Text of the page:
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These “lustres," as they were sometimes called, were imported from France, and formed a strong contrast to the ancient dingy iron lantern which hung in the great passage. That lantern, first hung up in the original cottage upon

Mount Vernon by Lawrence Washington, continued its services there until the death of the general. It had then cast its dim light upon the entrance door full eighty years. It is still in service, having for more than fifty years lighted the great passage at Arlington House, illuminating pictures by Vandyke and Sir Godfrey Kneller.

In the dining-room at Mount Vernon was another relic of the household of Lawrence Washington. It was a sideboard, handsomely wrought of black walnut, and is an excellent specimen of the quality of furniture in Virginia a hundred years ago. Its edges and legs are ornamented with delicate leaf-carving, and the wood is as perfect as when it was first used. It is about five feet in length, two and a half feet in width, and three feet in height, and quite heavy. It is used by the family at Arlington House, and is prized as one of the most precious mementos of Mount Vernon, because of its antiquity

There are also a tea-table and punch-bowl at Arlington House that belonged to Washington. The former is quite small, elliptical in shape, about three feet in length, and made of mahogany. It was manufactured in New York for use in the executive mansion there, as a tea-table only, for the little private family of Washington, which consisted of only four persons. Food was not often set upon it. Washington seldom ate any thing after dinner until eight o'clock in the evening, when, with his family, he partook of a cup of tea served from this table, and a small slice of buttered bread.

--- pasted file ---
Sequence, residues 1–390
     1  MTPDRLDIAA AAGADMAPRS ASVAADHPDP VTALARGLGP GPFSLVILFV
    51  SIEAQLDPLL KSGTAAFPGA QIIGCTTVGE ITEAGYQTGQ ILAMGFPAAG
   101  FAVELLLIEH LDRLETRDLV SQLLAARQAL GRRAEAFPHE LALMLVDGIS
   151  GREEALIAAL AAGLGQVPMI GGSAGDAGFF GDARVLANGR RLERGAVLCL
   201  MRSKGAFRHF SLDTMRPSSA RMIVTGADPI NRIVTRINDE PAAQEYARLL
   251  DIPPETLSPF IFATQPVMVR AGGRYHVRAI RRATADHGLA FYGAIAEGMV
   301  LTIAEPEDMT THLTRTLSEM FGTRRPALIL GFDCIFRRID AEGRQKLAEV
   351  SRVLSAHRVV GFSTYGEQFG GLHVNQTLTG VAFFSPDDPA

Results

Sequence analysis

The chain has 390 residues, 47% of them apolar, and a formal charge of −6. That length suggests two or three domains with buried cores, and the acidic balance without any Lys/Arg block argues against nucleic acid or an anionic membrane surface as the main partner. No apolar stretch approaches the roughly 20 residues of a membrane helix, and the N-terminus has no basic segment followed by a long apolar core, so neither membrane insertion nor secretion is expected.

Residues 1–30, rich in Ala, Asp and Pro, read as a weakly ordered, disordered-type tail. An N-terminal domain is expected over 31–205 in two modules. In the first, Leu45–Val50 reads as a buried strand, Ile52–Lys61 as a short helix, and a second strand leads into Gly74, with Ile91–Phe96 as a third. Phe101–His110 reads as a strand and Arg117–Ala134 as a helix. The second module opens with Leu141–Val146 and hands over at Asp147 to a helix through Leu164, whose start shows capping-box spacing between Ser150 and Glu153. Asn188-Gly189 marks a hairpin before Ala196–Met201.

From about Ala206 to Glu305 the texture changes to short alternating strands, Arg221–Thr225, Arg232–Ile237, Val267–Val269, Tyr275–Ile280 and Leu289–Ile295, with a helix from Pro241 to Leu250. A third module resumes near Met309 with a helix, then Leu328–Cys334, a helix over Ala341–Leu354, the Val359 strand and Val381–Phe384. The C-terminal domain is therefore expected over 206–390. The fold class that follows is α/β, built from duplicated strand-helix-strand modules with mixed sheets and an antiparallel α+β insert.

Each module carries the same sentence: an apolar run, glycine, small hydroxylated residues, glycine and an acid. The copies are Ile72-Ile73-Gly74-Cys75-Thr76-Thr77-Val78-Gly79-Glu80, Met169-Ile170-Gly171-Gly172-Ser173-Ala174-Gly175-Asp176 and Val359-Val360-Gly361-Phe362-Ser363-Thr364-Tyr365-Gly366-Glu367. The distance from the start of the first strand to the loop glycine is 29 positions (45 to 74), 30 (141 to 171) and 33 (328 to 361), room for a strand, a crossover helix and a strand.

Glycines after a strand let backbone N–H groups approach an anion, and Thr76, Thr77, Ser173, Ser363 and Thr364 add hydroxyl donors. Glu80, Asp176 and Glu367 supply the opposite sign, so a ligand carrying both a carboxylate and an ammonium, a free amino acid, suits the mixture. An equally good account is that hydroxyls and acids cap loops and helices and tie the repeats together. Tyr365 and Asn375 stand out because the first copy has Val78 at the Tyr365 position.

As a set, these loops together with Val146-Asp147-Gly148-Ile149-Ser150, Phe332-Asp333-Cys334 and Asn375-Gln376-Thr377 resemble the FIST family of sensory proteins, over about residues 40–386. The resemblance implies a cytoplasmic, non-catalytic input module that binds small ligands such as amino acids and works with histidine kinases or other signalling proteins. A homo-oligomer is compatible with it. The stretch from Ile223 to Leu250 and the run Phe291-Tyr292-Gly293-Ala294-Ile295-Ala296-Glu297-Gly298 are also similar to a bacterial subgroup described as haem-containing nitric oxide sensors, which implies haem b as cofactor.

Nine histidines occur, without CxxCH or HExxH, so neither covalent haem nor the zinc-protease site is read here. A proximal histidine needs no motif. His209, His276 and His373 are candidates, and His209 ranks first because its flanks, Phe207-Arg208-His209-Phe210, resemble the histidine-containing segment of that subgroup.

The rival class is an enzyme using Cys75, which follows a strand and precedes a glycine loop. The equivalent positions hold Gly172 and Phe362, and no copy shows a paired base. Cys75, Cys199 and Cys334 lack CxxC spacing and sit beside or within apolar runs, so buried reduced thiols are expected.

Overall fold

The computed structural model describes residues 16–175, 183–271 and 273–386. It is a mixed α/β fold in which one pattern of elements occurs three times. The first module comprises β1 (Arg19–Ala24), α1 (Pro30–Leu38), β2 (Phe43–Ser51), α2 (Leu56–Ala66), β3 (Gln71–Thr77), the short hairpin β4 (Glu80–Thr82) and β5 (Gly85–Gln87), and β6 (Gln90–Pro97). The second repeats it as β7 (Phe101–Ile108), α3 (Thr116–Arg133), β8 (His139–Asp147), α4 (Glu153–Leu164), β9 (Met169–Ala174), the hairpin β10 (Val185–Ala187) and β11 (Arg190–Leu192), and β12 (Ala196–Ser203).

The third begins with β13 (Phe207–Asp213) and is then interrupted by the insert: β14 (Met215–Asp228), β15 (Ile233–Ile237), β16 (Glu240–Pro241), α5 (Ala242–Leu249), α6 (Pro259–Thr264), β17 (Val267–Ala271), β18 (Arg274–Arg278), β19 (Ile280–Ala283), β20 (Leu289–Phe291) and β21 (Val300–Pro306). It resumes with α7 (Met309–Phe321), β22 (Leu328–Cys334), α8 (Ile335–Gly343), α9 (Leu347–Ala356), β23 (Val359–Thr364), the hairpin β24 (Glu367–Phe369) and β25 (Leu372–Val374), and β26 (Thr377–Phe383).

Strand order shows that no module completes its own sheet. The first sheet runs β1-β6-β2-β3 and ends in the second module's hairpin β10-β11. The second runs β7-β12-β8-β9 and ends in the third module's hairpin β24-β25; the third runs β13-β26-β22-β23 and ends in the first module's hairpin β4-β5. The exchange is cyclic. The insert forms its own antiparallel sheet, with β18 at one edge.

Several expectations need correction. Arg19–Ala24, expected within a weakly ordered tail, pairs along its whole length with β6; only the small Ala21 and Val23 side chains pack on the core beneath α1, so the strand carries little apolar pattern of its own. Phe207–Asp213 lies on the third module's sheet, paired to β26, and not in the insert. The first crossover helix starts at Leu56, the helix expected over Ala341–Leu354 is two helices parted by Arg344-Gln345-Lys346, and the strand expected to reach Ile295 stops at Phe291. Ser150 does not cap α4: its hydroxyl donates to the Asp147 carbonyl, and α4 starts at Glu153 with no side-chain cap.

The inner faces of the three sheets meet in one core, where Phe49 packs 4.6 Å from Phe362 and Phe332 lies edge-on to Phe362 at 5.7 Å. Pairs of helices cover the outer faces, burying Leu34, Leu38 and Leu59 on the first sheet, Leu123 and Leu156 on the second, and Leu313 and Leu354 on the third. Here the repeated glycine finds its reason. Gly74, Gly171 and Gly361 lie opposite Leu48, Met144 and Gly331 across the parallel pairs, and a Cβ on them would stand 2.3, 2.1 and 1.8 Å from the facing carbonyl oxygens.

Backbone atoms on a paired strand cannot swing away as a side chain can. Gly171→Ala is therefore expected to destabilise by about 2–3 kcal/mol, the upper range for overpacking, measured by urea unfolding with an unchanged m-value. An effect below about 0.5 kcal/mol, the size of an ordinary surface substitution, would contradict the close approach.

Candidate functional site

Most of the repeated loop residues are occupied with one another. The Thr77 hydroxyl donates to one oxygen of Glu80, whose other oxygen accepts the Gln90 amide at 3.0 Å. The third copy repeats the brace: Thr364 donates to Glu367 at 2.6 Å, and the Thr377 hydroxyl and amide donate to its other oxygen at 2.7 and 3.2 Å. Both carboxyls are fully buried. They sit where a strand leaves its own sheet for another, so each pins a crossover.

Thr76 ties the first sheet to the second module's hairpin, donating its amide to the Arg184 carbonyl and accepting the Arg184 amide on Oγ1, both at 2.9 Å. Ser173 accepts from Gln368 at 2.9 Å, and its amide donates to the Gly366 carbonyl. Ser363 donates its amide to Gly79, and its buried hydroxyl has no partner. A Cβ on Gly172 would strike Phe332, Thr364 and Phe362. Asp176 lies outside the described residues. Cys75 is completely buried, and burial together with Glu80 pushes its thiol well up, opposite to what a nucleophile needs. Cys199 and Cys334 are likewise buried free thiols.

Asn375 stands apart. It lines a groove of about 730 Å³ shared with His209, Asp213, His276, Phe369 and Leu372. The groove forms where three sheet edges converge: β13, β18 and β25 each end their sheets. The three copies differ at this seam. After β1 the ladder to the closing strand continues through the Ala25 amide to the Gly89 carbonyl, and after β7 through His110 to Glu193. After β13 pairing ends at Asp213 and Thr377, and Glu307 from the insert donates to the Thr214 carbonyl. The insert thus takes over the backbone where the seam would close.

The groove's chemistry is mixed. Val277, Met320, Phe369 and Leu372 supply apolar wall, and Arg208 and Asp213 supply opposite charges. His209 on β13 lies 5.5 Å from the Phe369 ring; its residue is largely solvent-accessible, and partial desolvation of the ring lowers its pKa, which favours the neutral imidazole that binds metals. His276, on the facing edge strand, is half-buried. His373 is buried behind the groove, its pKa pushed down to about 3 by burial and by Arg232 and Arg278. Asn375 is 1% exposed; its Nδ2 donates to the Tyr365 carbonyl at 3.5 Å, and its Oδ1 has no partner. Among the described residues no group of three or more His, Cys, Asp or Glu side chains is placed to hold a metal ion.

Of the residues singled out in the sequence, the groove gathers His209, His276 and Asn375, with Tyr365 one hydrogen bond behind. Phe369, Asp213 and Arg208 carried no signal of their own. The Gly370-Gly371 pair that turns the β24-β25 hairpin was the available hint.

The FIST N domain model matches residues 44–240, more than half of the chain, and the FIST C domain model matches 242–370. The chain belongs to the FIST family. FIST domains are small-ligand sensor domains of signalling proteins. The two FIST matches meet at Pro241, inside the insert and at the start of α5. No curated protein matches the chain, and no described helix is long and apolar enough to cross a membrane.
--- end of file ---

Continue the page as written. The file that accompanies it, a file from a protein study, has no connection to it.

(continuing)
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The great porcelain punch-bowl delineated in the engraving, has a deep blue border at the rim, spangled with gilt stars and dots. It was made expressly for Washington, but when, where, and by whom is not known. In the bottom is a picture of a frigate, and on the side are the initials G. W., in gold, upon a shield with ornamental surroundings. It is supposed to have been presented to Washington by the French naval officers. If so, it was doubtless manufactured and

sent over at the time when the Cin

cinnati china was forwarded.

There are two massive silver can

dlesticks, with extinguishers and snuffers of the same metal, at Arlington House, that once belonged to Washington. These formed a part of his furniture after his retirement from the army, in


1783, and are a portion of his plate not remodelled afterward in New York.

How many interesting associations are made to cluster around these simple utensils of domestic use, at the snggestions of fancy and conjecture! Perhaps almost every distinguished European-Lafayette, Rochambeau, Chastellux, Houdon, Pine, Moustier, Brissot, D'Yrujo, Graham—as well as equally distinguished Americans who have spent a night at Mount Vernon-bore one of them to the bedchamber.